As a CMO or brand manager, you try to keep current by reading tech and content marketing blogs, but there’s so much going on; you’re asking your agencies to help you stay informed; you go to conferences, but for every minute you spend learning, you feel that you need another hour. For every article you read you’re wondering “What are the four other articles that I’m missing?”
For Ann Rubin, IBM’s VP of branded content and global creative, it’s an exciting time.
“We’re in a complicated industry. It’s not consumer products—it’s technology that transforms entire businesses, industries and professions.”
When Rubin first started at IBM in 1997, after jumping from a career on the agency side, the majority of IBM’s ad dollars in the software group were placed in IT print magazines. “Those publications don’t exist anymore,” she says, “and the majority of what we do now is digital, across the board.”
IBM has shown a flair for digital experimentation, going beyond the paid-owned-earned media model and embracing experiential.
In 2013, with agency partner Ogilvy & Mather, they launched IBM Datagrams, real-time video animations on Instagram, which pulled match data from the US Open Tennis Tournament. The US Open also yielded a collaboration with former LCD Soundsystem founder James Murphy. His recently released Remixes Made with Tennis Data is a musical score of a computer algorithm that synthesized the players' moves via the IBM cloud.
“So we need to express a deep understanding on how to use the technology.”
IBM also produces “traditional” digital content, on a blog off their main website and a handful of microsites. But it’s the company’s Tumblr blog, IBMblr, where Rubin sounds most like a proud parent. When it launched two years ago, it represented a bit of a test balloon by IBM—and a rare B-to-B presence on the platform—to explore how to earn engagement around IBM thought leaders.
“We really focused on things that are about innovation, design, science and technology, as opposed to writing about our products and services,” she says. “For us, it’s really about understanding the platform and the audience. I know this isn’t brain surgery, but it’s something that we’ve learned and continue to hone over time, to get more learning on how people are engaging with different types of content on different platforms.”
“We’ve really focused on [content] that’s about innovation, design, science and technology.”
The idea behind IBMblr is to recast a network of IBM employees—its inventors, engineers, and product designers—from internal brand advocates to external thought leaders. Wired Magazine-like editorial topics include Predictions, Patents, Cognitive Cooking, and Vintage, among others, which are accompanied by animated GIFs whose design sensibility rivals that of any publisher.
A polished suite of videos and interactive elements allow for an immersive experience. From the Cognitive Cooking page, for example, users can link to a microsite, select their tastes, and receive a custom recipe courtesy of Watson, IBM’s artificial intelligent computer system and Jeopardy star. This inspired the Watson Food Truck at SXSW 2014.
“We really do understand the personas, and I make sure that whatever journey the client wants to go on, they’re able to get deeper content.”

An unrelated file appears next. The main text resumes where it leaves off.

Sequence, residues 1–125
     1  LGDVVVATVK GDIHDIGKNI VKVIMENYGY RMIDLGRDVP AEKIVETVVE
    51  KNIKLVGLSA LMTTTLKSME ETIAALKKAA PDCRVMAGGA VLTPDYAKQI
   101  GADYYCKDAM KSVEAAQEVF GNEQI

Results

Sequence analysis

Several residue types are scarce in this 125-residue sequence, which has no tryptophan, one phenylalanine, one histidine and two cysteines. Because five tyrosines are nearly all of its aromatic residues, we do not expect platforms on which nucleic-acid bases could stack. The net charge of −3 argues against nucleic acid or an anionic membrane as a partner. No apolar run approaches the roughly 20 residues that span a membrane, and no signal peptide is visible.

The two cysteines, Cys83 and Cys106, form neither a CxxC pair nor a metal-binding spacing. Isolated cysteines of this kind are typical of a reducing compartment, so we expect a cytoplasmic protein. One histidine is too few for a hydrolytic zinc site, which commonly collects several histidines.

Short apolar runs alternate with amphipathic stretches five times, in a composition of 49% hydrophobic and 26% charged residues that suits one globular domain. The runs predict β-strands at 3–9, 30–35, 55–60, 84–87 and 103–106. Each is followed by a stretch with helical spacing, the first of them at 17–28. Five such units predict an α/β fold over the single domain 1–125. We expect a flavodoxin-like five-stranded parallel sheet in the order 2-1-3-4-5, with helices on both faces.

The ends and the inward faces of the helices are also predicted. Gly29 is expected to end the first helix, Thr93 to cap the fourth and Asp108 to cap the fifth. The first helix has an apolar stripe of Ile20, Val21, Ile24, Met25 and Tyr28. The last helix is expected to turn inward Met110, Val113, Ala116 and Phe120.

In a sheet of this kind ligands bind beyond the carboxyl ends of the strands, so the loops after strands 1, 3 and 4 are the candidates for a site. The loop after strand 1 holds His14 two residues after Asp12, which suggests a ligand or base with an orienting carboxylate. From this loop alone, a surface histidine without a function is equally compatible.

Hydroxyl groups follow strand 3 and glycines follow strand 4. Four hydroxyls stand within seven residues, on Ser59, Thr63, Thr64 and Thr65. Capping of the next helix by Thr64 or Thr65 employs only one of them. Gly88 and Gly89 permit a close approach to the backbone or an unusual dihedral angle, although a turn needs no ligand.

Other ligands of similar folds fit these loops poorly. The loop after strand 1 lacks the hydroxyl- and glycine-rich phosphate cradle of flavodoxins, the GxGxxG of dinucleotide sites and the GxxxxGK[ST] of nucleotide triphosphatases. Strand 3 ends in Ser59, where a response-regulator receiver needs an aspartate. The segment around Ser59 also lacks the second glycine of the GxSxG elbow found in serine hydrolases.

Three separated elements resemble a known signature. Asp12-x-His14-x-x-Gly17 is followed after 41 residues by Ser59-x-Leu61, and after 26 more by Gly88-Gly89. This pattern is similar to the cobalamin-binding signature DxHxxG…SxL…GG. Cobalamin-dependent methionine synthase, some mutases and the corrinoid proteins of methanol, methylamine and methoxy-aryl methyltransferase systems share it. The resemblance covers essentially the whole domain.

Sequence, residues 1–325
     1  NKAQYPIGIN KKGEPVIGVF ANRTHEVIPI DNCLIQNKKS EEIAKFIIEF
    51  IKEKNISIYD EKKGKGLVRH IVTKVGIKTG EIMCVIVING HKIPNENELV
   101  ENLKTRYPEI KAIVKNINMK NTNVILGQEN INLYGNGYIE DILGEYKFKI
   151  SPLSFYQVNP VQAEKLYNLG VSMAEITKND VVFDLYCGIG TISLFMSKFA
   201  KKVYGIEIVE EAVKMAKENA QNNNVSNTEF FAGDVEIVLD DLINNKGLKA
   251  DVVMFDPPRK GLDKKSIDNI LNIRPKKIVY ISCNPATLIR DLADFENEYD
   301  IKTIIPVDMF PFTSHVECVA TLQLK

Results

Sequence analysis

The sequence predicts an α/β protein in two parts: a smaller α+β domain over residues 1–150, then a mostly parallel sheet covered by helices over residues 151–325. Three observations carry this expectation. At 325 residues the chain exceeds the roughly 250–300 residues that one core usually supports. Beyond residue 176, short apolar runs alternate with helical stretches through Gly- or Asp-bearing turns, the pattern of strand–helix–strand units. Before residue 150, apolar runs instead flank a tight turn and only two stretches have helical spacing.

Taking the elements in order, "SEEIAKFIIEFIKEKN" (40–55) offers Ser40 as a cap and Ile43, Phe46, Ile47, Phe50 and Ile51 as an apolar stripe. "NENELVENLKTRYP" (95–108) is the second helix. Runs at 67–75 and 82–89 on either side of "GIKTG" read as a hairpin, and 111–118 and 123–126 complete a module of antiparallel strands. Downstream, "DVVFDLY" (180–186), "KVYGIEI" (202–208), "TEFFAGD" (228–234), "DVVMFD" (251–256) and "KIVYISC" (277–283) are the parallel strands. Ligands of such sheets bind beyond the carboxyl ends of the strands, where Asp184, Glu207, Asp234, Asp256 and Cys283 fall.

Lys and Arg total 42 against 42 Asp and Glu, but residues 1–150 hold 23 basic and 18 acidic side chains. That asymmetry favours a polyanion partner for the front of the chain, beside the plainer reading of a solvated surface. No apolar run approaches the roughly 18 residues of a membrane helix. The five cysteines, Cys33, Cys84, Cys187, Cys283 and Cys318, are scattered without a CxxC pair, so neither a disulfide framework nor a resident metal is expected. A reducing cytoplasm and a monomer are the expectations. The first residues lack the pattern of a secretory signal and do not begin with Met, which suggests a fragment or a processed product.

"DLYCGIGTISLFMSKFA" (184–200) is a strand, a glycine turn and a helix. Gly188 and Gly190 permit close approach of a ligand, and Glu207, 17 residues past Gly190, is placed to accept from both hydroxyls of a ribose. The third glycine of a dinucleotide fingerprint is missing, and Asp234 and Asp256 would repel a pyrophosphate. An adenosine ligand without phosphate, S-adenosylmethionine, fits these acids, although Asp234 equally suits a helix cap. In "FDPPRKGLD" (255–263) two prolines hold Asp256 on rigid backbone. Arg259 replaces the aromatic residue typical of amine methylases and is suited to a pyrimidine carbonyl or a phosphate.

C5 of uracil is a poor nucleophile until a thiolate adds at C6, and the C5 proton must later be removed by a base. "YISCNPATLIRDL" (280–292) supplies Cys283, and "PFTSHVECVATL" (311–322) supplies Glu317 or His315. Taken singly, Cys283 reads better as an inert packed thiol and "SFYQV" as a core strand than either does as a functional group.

“Things that get people to engage with the brand is what we’re looking to do,” says Rubin. “But we also look at the value and health of the brand, because a lot of the programs that we do in the space are about getting people to understand what our brand is about. We’re in a complicated industry. It’s not consumer products—it’s technology that transforms entire businesses, industries and professions, so we need to express a deep understanding on how to use the technology: cloud, analytics, mobile, social…whatever.”
A big part of Rubin’s mandate is to make sure users are empowered “to learn or think or understand differently,” while also being enabled to access deeper content. “It’s the goal of all businesses, right? So no matter what we do, any kind of experience, any kind of engagement, we always give people the opportunity to do more.”
“There’s lots of change happening and it’s all because of the ability to target and understand the customer, through mapping and measuring.”
To achieve this, many IBMblr posts, which serve as thought leadership as well as top of funnel content, link to landing pages on the IBM website for the next phase of the buyer journey.
“We really do understand the personas,” says Rubin, who says IBM has identified 55 buyer types. “And then we look at their journey and map the content. That’s one of the things I do—help the team do their content strategy mapping. I need to make sure that whatever journey the client wants to go on, they’re able to get deeper content, whether they come in through a broad program that I would do on a bigger scale around cloud technology or Watson or analytics, or they come in through demand gen.”
“Once you know what they want, you need to give them what they want.”
Currently, Rubin and her team are looking at ways to measure content more effectively. With multiple personas and different KPIs and metrics applied to each channel (they’re on all of them), and using an internal matrix that tracks reach, engagement or amplification, it’s an undertaking deserving of Enterprise status.
“There’s lots of change happening and it’s all because of the ability to target and understand the customer, through mapping and measuring,” says Rubin. “Once you know what they want, you need to give them what they want, and to do that you have to create a lot more content, and to create a lot more content you need new methods.”
New methods? We’d like to see what Watson has in mind.
Ann Rubin will be speaking at Content Chaos: Navigating the Path to Engagement, on March 24.